Pre-Surgery: As I approached the day, all the decisions except the cervix were made, all the blood tests taken (or so I thought), the pre-op visits and pre-surgical check-ins done, and I was finally ready, but feeling very nervous. What had I forgotten? Who should be contacted? Did everyone know what they should be doing at work? Don’t forget the medical directives and medical powers of attorney to put in my hospital files, etc. I checked off the items to put in my hospital bag. I didn’t know how long it would take in the hospital (2 or 3 days), and I have never been a light packer, I prepared for the worst. My 85-year old mom could barely lift it once I was done.
Things I packed that I actually used included toothbrush and toothpaste, house shoes (for walking the halls), zip-up robe (something easy to put on for hall walking), shampoo and conditioner (needed to take a shower to remove my outer bandage from surgery so I also washed my hair with nurse’s assistance), antiperspirant, comb and brush, hand mirror. I wore the same clothes home as I arrived in. I did not wear any of the gowns I brought since the hospital gowns were more convenient. Also, I was not comfortable in my underwear so I didn’t wear that either. The hospital provided booties, but I didn’t want to walk outside my room and then get into bed with the same booties on.
O-O Day: The day of surgery, my mother and I arrived 2 hours ahead of time as instructed. I thought all the paperwork and labs were done, but we had to do even more. I gave them the legal papers I brought with me, just in case. Hysterectomy is not considered to be that risky, especially since so many of them are conducted in the US every day. It is one of the most common of all surgeries. However, things can and do go wrong. My husband Randy’s first wife had died following a hysterectomy, so that was always in the back of my mind. They never knew exactly what happened, but attributed it to a brain aneurism. Since no autopsy was done, it is still a mystery.
Note to self: remember to tell someone—always do an autopsy if there is any doubt—in the long run, it is more comforting to loved ones to know what happened. It could be something they need to be cautious of or they may even be thinking that they are the cause. Knowing for sure removes that question and self recriminations. For example, when my husband died, it was very helpful for me to know that we did everything possible and that it was not something he or we could have prevented.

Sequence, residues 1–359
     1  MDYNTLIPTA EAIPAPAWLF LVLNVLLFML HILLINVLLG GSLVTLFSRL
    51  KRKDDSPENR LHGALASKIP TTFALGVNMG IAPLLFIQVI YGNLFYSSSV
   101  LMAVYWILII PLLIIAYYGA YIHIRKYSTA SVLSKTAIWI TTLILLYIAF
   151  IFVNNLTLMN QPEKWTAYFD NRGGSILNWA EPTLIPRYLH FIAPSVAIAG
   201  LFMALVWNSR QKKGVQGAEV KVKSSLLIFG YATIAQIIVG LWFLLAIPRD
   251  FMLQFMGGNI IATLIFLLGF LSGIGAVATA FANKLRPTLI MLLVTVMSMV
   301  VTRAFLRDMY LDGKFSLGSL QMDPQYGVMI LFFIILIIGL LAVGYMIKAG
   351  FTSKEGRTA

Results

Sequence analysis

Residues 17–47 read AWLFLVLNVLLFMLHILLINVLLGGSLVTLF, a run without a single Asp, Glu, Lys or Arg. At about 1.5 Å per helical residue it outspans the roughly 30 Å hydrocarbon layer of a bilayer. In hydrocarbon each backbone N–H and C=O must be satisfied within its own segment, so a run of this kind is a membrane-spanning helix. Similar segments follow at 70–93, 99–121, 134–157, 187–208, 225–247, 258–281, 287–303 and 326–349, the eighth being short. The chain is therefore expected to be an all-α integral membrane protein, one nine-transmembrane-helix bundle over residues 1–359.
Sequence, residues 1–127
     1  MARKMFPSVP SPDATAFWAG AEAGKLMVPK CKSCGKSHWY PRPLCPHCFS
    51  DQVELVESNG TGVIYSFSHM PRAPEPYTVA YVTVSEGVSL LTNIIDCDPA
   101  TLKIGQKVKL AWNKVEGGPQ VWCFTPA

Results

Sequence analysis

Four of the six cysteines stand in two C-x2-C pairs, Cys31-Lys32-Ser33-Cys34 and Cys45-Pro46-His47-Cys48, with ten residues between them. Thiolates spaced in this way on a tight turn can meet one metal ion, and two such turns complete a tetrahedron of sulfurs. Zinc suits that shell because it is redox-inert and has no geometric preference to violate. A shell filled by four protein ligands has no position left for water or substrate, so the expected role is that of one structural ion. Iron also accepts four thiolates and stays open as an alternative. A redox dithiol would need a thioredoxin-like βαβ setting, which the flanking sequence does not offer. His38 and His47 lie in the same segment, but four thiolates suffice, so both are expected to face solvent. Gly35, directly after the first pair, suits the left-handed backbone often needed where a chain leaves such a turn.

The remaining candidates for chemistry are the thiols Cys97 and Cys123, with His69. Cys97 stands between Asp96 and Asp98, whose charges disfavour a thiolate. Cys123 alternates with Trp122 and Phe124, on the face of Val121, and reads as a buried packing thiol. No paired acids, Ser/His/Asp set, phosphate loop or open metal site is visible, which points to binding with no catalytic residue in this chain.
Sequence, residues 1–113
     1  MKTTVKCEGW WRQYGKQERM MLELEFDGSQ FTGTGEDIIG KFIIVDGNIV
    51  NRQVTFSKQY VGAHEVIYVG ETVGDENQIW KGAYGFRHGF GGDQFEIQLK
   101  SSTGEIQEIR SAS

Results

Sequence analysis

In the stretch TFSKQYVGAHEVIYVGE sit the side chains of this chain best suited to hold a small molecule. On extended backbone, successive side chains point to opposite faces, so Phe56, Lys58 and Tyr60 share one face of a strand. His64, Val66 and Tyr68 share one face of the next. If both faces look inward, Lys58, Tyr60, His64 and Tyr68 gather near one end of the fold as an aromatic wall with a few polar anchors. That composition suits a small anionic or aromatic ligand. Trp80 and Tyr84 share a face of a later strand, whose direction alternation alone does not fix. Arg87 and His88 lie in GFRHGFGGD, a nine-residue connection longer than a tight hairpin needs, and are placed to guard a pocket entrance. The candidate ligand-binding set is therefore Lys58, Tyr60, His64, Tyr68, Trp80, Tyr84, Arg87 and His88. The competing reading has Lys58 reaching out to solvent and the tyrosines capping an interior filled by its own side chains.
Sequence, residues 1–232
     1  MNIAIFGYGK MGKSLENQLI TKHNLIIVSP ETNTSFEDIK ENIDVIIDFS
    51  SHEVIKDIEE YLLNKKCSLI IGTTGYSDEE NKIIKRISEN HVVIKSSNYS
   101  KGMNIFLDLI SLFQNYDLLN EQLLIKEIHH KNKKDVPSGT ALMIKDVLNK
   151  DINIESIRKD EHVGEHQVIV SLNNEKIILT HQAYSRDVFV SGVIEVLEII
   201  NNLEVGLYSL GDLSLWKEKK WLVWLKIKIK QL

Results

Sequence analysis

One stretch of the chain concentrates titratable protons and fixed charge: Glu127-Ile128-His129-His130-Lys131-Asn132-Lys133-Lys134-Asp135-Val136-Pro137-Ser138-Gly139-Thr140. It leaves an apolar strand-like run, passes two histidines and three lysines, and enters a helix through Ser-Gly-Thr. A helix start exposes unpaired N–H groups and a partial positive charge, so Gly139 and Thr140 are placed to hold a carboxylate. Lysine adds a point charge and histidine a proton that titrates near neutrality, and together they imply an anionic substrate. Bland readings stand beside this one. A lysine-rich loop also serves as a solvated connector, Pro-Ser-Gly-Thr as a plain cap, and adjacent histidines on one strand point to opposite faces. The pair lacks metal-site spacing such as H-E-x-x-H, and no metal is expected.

They took us to a small room to meet with the surgical nurse, the anesthesiologist, and my gynecologist before the surgery. The nurse put in an IV line, and I think I got a pill for anxiety because this part on is pretty fuzzy. I do remember my doctor coming in and asking if I decided about the cervix. I had discussed it with my mom and decided to go ahead and remove it. That way, I would not have to worry about cervical cancer. My mom said she wished she had done that because it was always something she worried about.
I barely remember being wheeled down the hall to surgery. The next thing, it was about 3 hours later and I was being wheeled into my hospital room. I was thinking, “this isn’t so bad, I don’t hurt that much. I must be on some good pain medicine.” I was hooked up to an automatic dispenser that provided a constant flow of the meds and released an extra amount when I pressed a button. My mom brought in all my stuff and we settled in. My son and daughter came to see me, bringing flowers and gifts. I don’t remember much from this time except that I could only have ice chips and I didn’t have to get up because there was a catheter. I was just glad not to be nauseous which would have really hurt. When I had my gall bladder removed, I was given Demerol and throwing up was the worst thing you could imagine. This time, I had requested no Demerol and thankfully, I had no throwing up. I couldn’t tell that the Demerol had made a difference other than that.